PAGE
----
My mother screamed, “Stay where you are! Do…not…move!”
She turned and pointed her wand at each of them. “Don’t be tempted by that heinous demon. He wants you to follow him. It’s a trick! Look, he leaves flames and smoke in his trail.” Her nostrils flared frantically. “Can’t you smell his stench?”
Each of us sat completely still, paralyzed, looking up at my mother.
“What are you looking at?” She stumbled a small step back.
I could see her slipping, sliding down between two worlds, and she couldn’t find her footing to stand solidly in either. This time, when she caught my eye, I saw a look of panic, almost asking me to rescue her.
Margaret moved first. She stood and started to pull the fabric off her head.
“Where are you going?” My mother’s voice was strident and fierce.
“I…I need to go home.” Margaret’s eyes looked directly into my mother’s, then into mine. Amanda and the others quickly followed, leaving piles of their unwrappings on the floor in trails behind them. The room was empty. Just my mother and me.
Loud, angry voices downstairs kept me awake as I lay in bed that evening. Lacey’s mother shouted words like dangerous… damage…lunatic. And then again, the front door slammed, and my mother and father’s continued argument filled the living room.
“It wasn’t that bad. The little brat got her feelings hurt because she couldn’t be the princess.”
“It was more than that, Angie…”
“It was nothing!” she screamed.
Her heels clicked on the wood floor. She paced and turned then turned again. “It was fun! I was bringing them into character. I was inspiring them. Daring them to step outside their silly little girl dreams and face the real world.”
“But…it’s not the real world, Angie.”
I felt my father shrinking.
“The world is what we make it, Henry!” Her voice grew demeaning and dismissive. “And I was giving them the chance to make it something big, something spectacular! Frail little privileged brat and her arrogant two-faced mother! Spoiled it for everyone.”
She was right. Not about Lacey or her mother, but about everything being spoiled.
Lacey ignored me at school the next day. She sat with Margaret during lunch and kept her distance from me during recess.
I tried to catch Lacey’s eye; I wanted to tell her how sorry I was. That I never intended for her to be scared or hurt like that. That I still wanted to meet her up in our secret fort and forget that all this ever happened. That I still wanted to be her blood sister.
She never gave me the chance. A few weeks later, my father found a new house for us to live in across town. I would go to a different school.
“It’s a fresh start for everyone,” he said to me late one evening when he came in to say goodnight.
I lay under the covers and couldn’t find the words to tell him that I didn’t want a fresh start. That I wanted to go back to the time before we needed one. That I wanted my same life, not a new one.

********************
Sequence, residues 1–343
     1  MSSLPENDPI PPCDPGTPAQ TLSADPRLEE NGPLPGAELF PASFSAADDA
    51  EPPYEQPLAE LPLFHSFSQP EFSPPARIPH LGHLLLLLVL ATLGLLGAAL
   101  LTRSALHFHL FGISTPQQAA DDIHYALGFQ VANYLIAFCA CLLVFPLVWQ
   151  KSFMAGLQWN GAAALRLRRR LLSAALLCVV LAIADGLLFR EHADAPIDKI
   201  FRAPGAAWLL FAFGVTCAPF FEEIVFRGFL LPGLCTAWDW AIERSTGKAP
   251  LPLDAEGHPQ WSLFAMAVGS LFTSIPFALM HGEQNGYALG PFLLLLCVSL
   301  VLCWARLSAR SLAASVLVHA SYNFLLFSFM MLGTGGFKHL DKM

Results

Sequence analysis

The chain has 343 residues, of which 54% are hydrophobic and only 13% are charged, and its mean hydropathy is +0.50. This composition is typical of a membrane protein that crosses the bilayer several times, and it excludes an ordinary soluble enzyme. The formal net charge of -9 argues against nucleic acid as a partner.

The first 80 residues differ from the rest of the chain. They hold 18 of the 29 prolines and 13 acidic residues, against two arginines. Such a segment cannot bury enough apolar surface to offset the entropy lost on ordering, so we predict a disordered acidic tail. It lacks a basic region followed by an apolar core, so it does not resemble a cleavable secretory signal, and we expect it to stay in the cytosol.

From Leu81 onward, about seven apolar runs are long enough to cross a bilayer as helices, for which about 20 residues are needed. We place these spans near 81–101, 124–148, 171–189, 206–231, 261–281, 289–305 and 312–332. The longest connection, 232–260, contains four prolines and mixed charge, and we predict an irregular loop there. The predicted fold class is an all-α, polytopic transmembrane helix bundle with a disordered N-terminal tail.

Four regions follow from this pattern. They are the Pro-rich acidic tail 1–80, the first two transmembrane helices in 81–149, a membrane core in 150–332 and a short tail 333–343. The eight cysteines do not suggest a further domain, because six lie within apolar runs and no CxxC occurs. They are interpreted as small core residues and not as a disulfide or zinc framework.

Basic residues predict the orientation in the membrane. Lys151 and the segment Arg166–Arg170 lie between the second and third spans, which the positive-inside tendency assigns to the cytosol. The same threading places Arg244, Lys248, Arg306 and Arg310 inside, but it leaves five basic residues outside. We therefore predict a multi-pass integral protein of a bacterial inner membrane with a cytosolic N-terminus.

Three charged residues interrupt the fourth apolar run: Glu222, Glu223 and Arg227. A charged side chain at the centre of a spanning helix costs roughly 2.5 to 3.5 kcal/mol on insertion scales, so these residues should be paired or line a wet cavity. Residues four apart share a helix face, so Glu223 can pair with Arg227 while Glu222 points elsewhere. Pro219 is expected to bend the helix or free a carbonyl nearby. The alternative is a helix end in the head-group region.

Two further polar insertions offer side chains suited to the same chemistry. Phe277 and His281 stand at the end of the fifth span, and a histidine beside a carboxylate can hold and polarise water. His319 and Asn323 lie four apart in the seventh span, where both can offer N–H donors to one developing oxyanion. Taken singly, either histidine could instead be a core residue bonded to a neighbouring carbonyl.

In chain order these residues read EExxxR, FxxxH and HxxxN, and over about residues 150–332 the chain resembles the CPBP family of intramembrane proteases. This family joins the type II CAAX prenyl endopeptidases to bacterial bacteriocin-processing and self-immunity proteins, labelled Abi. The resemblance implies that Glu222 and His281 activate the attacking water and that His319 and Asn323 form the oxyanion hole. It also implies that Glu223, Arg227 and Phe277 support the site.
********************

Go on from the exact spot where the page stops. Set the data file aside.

After he closed my door, he went back downstairs and began taking things out of the cupboards in the kitchen. My mother had already been asleep for several hours. The doctor prescribed a medicine that made her drunk and drowsy, made her slur her words. She no longer spun stories of adventure and fantasy; no longer spent hours in her sewing room, conjuring and creating like a sorcerer. Rarely did she make it to the kitchen in time to see me off to school, and never again did I find her waiting for me outside under the maple tree.
* * *
And here I stood in our back yard under the tall shelter of golden leaves, looking through the window panes, watching just a small clip of a rerun, a splice in the film of our lives, a disruption to the motion picture that I’d gotten used to, day after day, as though my mother were now an inanimate prop on the screen rather than the star she used to be. What I watched wouldn’t last. Certainly my father knew that as well. I have to think that somewhere inside, even my mother knew. But I couldn’t keep myself from watching.
My father came out the side door, laden with blankets and a picnic basket filled with enough food for three meals. The three of us piled into the car like we’d done so many times before. Each of us leaving that knowing behind and risking finding each other again.
We sat by the stream, both my father and I receiving her offerings like a sacred feast. We talked of traveling to Spain. My mother, leaning into my father’s chest, recounted her summers as a child in Barcelona. The topics changed like popcorn, each of us recklessly redeeming the time.
“We really should have a Christmas party this year,” she said. “We’ll get the tallest tree in town and invite all of our friends. Wouldn’t that be lovely, Sylvie?”
“Yes!” I said with as much enthusiasm I could conjure, still not wanting to break the spell. “That would be lovely.” But our friends had long since faded. It’d become too awkward to keep what few relationships we had going. Isolation became the best and easiest road to take. We were less vulnerable, less “inconvenient,” although the loneliness became a shallow numbness, like living in a round room with no windows or furniture, completely monochrome in color, leaving no dimension to locate yourself. Just a blank hollowness, where everything, every day, every task was the same. But we were safe. Safe from scrutiny, safe from having to explain, safe from having to face the deep, unpredictable holes of our own grief and sadness.
“And I’ll make my famous Bolognese, and we’ll open the best presents on Christmas Eve!” Her eyes swelled with pools of tears as she looked at each of us as if for the first, and last, time.
This moment was Christmas. She was the gift, gentle and sweet, looking into my eyes, tenderly sweeping my bangs from my forehead.